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Inappropriate prescribing of proton pump inhibitors in primary care
  1. Bisanth Thushila Batuwitage,
  2. Jeremy G C Kingham,
  3. Nia Emma Morgan,
  4. Ruth Louise Bartlett
  1. Department of Medicine, Singleton Hospital, Sketty, Swansea SA2 8QA, UK
  1. Correspondence to:
 Jeremy G C Kingham
 Department of Medicine, Singleton Hospital, Sketty, Swansea SA2 8QA, UK; jkingham{at}


Objectives: To determine if an educational intervention initiated in secondary care can influence prescribing of proton pump inhibitors (PPIs) in the community.

Methods: A prospective study of PPI use in patients admitted to medical wards in a university hospital. A simple educational intervention was employed to reduce inappropriate prescribing of PPIs in the community.

Results: In the pre-intervention analysis 66/271 (24%) patients were receiving treatment with a PPI prescribed in the community. In 36/66 (54%) patients the PPI had been prescribed inappropriately. Six months after the intervention 91/344 (26%) patients were prescribed a PPI in the community. In only 45 of these 91 (49%) patients was there a recommended indication.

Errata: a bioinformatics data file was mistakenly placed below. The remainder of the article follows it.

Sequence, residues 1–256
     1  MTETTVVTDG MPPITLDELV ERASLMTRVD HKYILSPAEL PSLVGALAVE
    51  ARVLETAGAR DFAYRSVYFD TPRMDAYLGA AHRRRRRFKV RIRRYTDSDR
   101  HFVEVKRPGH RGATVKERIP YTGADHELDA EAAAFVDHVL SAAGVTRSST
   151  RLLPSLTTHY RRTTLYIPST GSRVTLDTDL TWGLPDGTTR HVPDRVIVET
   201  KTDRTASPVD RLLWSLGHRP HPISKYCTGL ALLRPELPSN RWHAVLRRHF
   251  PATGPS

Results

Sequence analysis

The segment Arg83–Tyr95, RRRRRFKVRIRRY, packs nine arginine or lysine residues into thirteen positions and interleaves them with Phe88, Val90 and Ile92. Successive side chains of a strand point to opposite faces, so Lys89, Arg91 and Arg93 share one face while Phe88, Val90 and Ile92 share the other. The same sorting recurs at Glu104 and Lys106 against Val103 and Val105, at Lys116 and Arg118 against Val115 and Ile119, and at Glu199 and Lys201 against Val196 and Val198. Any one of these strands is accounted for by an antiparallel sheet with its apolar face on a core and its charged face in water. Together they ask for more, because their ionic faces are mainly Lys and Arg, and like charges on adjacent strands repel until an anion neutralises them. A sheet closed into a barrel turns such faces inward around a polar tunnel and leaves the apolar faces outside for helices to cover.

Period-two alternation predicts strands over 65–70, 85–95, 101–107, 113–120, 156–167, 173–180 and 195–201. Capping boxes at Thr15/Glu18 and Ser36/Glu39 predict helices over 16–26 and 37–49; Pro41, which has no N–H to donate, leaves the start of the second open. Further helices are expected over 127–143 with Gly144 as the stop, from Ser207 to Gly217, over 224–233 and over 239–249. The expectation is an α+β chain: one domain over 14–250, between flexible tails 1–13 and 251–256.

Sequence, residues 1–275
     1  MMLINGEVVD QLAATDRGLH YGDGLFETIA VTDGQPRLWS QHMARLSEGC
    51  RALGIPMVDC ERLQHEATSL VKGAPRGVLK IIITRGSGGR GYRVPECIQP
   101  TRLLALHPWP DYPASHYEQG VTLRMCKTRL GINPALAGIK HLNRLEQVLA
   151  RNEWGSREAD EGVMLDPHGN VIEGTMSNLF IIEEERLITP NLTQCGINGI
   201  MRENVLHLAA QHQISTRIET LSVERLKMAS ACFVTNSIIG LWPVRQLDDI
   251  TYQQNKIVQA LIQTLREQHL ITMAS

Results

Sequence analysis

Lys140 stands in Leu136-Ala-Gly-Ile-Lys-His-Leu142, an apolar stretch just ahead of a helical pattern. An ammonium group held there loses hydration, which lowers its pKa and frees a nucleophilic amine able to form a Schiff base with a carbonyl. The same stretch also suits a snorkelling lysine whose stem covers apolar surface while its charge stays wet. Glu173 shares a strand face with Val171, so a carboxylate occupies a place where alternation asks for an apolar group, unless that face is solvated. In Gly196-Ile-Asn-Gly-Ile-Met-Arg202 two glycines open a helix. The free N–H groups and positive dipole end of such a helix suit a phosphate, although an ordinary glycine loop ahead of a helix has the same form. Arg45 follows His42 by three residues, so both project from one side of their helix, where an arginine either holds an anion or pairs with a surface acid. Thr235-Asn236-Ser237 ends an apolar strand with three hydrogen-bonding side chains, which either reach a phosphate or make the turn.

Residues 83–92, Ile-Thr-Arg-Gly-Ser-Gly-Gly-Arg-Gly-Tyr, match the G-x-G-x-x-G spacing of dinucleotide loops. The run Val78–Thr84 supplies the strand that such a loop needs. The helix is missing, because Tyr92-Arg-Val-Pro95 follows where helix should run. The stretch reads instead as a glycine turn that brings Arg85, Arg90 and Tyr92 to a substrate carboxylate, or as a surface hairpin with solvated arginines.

Conclusion: The intervention used in this study had no effect on the proportion of patients taking a PPI at the time of hospital admission or on the appropriateness of prescribing in the community.

  • GORD, gastro-oesophageal reflux disease
  • NSAID, non-steroidal anti-inflammatory drug
  • PPI, proton pump inhibitor
  • proton pump inhibitors
  • primary care

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  • There are no competing interests.